Stress is not magic. If it’s present it because of a system activating inside the brain.

That system can help us but can also harm us if it remains active for too long. What we think of as work stress is usually the mind’s ‘Self-preservation’ system switching on and staying on for too long. In many cases it gets used to being switched on and loses the ability to switch off.

Then we experience anxiety, fear, panic, dread meetings, shy away from colleagues we find difficult, catch more colds and infections, and experience continuing overwhelm and frustration.

The pressure that causes this ‘switching on’ can come in may forms. Too much pressure, poor communication, bullying, feeling unappreciated and undervalued, changing proprieties, interpersonal conflict, etc. Too much of any area can cause the brain to feel like we’re in danger. That’s where the irritation, anger, fear, isolation, and so on become profound. These are reactions to the system rather than truly being the problem. These are what we notice – the symptoms.

Understanding the system at work allows us to solve a lot of ‘problems’ or symptoms at once much life switching off the water at the mains can stop many leaks.


Stress in Mind and Body explained

The Science of Stress.

Chronic ongoing stress such as pressure at work, a tense home life, or crushing worries can have significant impacts on the brain.

The hypothalamus, Pituitary, Adrenal Axis is where the reaction begins. This hormone releasing system activates immediately when we perceive stress or danger, releasing the hormone cortisol.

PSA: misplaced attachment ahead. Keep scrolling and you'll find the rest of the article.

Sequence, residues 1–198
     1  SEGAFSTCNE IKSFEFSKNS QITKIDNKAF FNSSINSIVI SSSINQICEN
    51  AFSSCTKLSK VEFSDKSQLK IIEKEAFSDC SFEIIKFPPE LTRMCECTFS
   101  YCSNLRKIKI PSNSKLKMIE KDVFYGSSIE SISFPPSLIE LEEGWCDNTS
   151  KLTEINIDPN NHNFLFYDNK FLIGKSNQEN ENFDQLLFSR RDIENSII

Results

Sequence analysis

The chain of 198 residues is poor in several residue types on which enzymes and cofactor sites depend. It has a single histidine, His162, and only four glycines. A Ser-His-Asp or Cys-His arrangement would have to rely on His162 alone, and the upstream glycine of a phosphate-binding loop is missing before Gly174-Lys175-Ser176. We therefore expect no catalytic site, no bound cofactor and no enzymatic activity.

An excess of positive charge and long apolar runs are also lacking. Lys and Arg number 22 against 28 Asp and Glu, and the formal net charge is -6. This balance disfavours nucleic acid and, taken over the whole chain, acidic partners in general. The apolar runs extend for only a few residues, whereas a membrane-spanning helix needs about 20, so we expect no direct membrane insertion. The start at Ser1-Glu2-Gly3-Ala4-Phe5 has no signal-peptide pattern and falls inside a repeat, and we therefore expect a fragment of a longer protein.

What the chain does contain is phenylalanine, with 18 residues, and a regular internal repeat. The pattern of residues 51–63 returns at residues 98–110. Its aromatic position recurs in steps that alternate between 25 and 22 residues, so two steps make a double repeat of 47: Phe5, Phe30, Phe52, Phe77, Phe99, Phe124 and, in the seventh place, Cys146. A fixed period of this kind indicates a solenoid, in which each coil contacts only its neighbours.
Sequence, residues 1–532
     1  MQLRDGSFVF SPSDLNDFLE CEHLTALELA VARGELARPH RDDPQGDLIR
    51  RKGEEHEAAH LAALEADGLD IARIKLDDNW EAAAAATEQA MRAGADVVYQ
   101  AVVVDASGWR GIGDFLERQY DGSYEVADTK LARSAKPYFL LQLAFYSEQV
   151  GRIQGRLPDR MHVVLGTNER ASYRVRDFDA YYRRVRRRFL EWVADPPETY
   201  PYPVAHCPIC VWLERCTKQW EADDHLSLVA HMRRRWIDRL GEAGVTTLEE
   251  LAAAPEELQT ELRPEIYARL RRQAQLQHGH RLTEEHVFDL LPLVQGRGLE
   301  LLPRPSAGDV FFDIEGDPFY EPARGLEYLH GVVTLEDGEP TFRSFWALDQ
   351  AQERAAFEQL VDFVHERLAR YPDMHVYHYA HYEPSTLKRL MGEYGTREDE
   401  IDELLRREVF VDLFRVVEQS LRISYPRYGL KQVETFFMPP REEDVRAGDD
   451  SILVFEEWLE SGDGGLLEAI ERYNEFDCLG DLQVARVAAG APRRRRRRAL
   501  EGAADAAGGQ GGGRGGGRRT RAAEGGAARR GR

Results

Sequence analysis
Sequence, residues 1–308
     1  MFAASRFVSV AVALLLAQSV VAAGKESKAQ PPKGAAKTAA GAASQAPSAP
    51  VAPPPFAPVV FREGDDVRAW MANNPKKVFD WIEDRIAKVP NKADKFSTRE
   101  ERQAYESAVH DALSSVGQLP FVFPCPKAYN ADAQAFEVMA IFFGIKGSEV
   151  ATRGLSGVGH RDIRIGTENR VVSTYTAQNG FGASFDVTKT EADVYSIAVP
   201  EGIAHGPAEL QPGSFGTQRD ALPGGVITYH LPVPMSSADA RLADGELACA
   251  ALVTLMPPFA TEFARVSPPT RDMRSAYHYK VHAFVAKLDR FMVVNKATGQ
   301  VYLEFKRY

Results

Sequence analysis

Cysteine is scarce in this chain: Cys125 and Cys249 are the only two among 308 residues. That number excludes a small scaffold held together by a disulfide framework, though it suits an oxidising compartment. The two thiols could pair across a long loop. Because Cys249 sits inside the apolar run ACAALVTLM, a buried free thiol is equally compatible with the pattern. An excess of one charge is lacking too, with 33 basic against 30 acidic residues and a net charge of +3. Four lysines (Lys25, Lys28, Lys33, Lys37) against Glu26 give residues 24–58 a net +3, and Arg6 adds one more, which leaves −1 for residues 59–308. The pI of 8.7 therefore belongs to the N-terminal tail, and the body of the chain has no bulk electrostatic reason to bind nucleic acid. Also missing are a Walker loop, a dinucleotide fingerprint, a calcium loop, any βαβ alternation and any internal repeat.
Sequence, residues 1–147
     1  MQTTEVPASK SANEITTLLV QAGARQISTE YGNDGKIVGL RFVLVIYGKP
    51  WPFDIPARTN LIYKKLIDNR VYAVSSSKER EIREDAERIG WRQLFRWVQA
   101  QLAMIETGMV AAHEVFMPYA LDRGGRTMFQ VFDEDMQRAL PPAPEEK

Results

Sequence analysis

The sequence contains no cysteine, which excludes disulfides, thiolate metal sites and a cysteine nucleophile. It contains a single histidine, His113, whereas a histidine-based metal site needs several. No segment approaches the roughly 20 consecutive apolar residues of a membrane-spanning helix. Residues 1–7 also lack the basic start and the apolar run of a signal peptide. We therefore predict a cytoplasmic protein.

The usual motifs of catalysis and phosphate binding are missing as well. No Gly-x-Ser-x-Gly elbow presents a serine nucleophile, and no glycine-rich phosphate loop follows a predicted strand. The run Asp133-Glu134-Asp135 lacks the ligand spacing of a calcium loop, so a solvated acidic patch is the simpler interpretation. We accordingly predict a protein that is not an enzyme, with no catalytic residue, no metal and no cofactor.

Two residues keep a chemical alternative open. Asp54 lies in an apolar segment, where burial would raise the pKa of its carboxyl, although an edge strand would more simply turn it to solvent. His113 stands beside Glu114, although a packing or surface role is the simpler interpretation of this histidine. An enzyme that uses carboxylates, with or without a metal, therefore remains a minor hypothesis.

In short bursts cortisol is useful, aiding focus, increasing energy and so on. But, over long periods of stress cortisol release effects a series of brain systems.

The amygdala, the brain’s clearing house for fear recognition is over stimulated, placing us into a more alert mode of thinking more suited to crisis management and instant decisions and at odds with concentration, focus, and spotting opportunity.

The part of the brain that deals with memory, learning, and stress control, the hippocampus has a decrease in electrical activity. As this weakens, so does your ability to control your stress.

Too much cortisol for too long a time can cause the loss of synaptic connections between cells, essentially reducing the brain’s ability to transmit information and function properly.

It can even shrink the front part of the brain (Prefrontal Cortex) that regulates concentration, social interaction, decision making, and judgement.

Learning and remembering things can be hard hit. In the long run it makes us more susceptible to depression, Alzheimer’s, and anxiety.

However, it has been shown that various activities and techniques can reduce stress. Reducing cortisol in the brain, regrowing hippocampus size, and allowing us to function more fully and be happier.

Our programs are designed to address day-to-day real world situations and train you in how to get the most out of your brain.